Polls in, VVD in
The Dutch elections have come and gone with the Liberal VVD party who were the senior party in the current Coalition take the most seats. The far right threat of Geert Wilders seems to have been snuffed out however they did increase their share of the vote to attain 18 seats in this latest parliament.
While the PVV may look beaten and the euro is reacting as such, running higher across the board as the exit polls were announced, the crucial thing for longer-term EUR gains from the Dutch election is quick formation of neat and small coalition, not just beating the fascists.
Coalition building is of course no easy task and while the Dutch political system is set up for it given the last single party majority government was during the First World War, the last time the Netherlands had a four party coalition, it was the 70s and it took 5 months to put together. This was a much calmer time for European politics than we have now.
Risks to stability remain in Europe
As we have spoken about for months now, the Dutch election always had a short and a long term risk; short was the risk of a PVV win/outperformance and the market, erroneously, transposing that risk on to the upcoming French elections. The longer-term risk stems from dangers to EU solidarity amid Brexit negotiations and/or a fragile/weak coalition in one of Europe’s biggest economies.
For now, the saddest person in Europe will not be Geert Wilders but instead Marine Le Pen; she was the first foreign politician to congratulate Brexit campaigners on ‘taking back control’ and has frequently tied herself to Trump and his anti-status quo rhetoric. A win or good showing for Wilders will have added impetus to her campaign. Today it looks more difficult for her to win the Presidency although we have issues with the belief that one country’s vote can influence the voters in the other that readily.
It also calls into doubt the belief that the world is experiencing a ‘wave of populism’. Did Brexit win because of the £350m bus and did Trump triumph because of Hillary’s emails? I guess we will never know.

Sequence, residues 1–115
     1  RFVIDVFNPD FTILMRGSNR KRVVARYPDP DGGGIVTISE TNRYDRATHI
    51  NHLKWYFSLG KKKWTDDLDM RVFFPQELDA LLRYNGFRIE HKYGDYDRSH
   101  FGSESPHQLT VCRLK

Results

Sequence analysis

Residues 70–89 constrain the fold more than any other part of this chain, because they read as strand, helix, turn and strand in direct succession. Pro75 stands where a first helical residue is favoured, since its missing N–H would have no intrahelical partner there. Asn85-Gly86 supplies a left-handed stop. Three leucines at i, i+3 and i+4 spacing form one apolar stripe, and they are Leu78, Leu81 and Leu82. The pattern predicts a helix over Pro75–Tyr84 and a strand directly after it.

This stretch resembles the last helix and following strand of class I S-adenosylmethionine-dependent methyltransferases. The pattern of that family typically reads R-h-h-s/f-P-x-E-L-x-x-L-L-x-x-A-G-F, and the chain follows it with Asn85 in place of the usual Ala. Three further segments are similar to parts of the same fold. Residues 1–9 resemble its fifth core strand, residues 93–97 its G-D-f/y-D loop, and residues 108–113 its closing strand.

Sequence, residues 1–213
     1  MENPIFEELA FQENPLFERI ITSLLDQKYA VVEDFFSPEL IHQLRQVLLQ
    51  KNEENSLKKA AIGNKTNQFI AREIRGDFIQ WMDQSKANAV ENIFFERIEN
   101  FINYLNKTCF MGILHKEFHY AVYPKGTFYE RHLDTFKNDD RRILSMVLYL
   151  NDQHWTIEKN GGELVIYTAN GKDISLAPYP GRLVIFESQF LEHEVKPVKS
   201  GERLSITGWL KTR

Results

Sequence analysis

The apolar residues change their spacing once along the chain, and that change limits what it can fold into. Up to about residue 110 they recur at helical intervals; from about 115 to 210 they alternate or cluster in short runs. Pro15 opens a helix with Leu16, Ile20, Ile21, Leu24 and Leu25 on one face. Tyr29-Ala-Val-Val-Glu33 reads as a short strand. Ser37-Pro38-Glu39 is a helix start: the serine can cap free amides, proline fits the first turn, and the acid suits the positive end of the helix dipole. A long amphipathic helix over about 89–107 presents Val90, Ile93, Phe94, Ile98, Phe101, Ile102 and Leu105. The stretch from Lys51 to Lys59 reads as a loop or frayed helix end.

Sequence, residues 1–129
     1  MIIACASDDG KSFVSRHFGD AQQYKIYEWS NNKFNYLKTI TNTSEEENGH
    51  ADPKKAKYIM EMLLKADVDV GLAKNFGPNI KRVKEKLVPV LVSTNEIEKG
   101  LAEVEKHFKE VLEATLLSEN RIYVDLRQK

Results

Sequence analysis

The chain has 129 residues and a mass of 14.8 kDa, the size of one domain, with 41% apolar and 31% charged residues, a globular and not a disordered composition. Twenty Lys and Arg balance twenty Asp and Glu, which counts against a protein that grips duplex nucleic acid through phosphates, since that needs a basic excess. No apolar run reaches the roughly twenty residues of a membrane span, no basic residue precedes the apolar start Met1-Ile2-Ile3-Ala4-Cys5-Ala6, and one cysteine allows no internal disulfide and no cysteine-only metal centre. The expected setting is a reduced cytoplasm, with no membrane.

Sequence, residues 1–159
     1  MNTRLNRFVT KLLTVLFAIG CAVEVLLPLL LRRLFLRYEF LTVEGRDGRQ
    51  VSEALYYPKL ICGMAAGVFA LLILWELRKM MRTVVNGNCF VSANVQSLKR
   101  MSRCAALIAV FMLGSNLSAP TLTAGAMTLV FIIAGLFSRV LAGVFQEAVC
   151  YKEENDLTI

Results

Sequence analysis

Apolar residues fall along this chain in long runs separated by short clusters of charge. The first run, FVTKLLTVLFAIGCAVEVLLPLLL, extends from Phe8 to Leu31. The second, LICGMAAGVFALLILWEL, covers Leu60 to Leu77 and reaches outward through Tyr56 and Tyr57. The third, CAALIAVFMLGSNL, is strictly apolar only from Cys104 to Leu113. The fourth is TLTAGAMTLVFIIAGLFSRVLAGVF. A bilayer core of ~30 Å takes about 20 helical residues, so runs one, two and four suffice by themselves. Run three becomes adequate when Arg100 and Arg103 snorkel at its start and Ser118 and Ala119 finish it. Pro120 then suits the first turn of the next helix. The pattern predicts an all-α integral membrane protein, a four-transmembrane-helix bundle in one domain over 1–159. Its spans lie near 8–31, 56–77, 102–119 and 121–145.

Fed hikes but dollar falls
It is not often that a Federal Reserve interest rate rise plays second string to news from the Netherlands but today is that day. Interest rates were increased by 25bps last night by the Federal Reserve in line with the market’s expectations. We’ve had hawkish hikes and dovish hikes and yesterday’s was more owlish than anything; there is a lot of water that needs to flow under the bridge before the judgement of the Federal Reserve shifts to price in a subsequent change in the US business cycle and the US is seen as running at strength.
There has been no change in the economic estimates and US economy watchers should be ready to see inflation rise above 2%. Today’s statement shows that the Fed expects that somewhat soon but is unconcerned about when and how it gets there.
As we said yesterday, the March hike is a tacit endorsement of the economic growth that we have seen in the past 6 months but a continuation of this positivity in line with market expectations will only stem from an increase in throughput from the Trump administration on taxes and infrastructure.
UK pay slips further ahead of BOE meeting
UK pay numbers showed further weakness in January according to numbers released yesterday. A couple of months ago, pay was growing at 2.7/2.8% on the year, that has now fallen to 2.2%. Inflation is heading in the other direction and if you agree with us that the official CPI number looks soft at 1.8% then it is not much of a stretch to think that real wages in the UK are already declining.
The latest Bank of England meeting is due at 12 noon today.
Have a great day
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